• by marxzed (1075971)
        that and phones (the old land line ones) when it was illegal for anyone other than Telstra (oops sorry Telecom Australia (or was it even the Government Post Office back then?)) to to sell usable land line phones. Just like the CB radios they were advertised as being for "hobby purposes only" . Of course everybody did plug their DSE phones in and use their CB radios...

        two things to remember though
        1: this was when Dick Smith actually owned the business, the current DSE has nothing to do with him and
  • ?malware-infested pirated movies? !

    Really? Isn't that why we use VLC instead of media player?

  • by zAPPzAPP (1207370) on Friday December 23, 2011 @05:13AM (#38469446)

    I don't know how it is in Australia, but around here, you can return anything you bought online within 14 days and get your money back (as long as you can actually return it as you got it, so food/software etc usually not included).
    What do people expect happens to stuff that gets returned? Of course it goes on sale again. Otherwise selling online would be economic suicide...

    • Re:14 days return (Score:5, Informative)

      by syousef (465911) on Friday December 23, 2011 @05:34AM (#38469516) Journal

      I don't know how it is in Australia, but around here, you can return anything you bought online within 14 days and get your money back (as long as you can actually return it as you got it, so food/software etc usually not included).
      What do people expect happens to stuff that gets returned? Of course it goes on sale again. Otherwise selling online would be economic suicide...

      In Australia it is illegal to re-sell used returned goods as new. The goods can be re-sold but must clearly be marked as returned items, and usually a discount is offered for accepting the goods in this condition. (The discount might not be offered if the item is in high demand).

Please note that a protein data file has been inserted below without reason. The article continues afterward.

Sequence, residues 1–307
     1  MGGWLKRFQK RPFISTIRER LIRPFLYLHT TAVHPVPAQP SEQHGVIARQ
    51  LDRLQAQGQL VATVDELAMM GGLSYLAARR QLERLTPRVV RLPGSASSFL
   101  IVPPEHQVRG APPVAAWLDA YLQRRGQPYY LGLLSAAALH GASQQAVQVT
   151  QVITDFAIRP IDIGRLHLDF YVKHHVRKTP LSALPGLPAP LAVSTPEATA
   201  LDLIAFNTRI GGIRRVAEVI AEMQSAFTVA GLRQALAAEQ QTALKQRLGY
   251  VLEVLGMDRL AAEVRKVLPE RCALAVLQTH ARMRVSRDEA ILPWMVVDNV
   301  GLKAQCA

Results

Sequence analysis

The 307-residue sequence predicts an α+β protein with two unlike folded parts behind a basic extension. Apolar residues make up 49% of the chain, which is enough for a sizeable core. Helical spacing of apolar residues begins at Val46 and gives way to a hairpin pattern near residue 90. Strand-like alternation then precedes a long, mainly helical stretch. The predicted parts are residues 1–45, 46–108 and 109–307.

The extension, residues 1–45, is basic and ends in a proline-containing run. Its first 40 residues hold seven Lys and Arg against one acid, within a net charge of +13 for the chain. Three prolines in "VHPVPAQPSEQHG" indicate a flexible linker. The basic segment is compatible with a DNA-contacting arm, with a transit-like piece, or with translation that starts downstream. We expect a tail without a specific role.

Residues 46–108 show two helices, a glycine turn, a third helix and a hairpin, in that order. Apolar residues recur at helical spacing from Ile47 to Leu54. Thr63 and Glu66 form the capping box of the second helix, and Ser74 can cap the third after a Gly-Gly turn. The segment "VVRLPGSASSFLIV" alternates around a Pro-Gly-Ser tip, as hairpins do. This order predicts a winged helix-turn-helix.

What's more if goods have been returned and the item registered or activated online or similar they are not suppose to sell the item. That is the secondary reason that computer software isn't returnable at most stores (though there are exceptions like EB games).

      • by ledow (319597)

        Same in the UK.

        You can resell it, you have to marked it as returned, and basically the seller has to take the loss of whatever they get returned. It works on the basis that returns are such a small percentage of items, of little value to someone wishing to scam them, and represent such a small fraction of their costs, and *STILL* can be resold for even the same price so long as they are clearly marked that it's not an issue.

        Go read any EU trading law. It's all in there.

    • by Calydor (739835)

      Of course it gets sold again.

      But under no circumstances should it then be advertised as 'new', ie. fresh from the factory and never been used as that is blatantly false advertising in bad faith.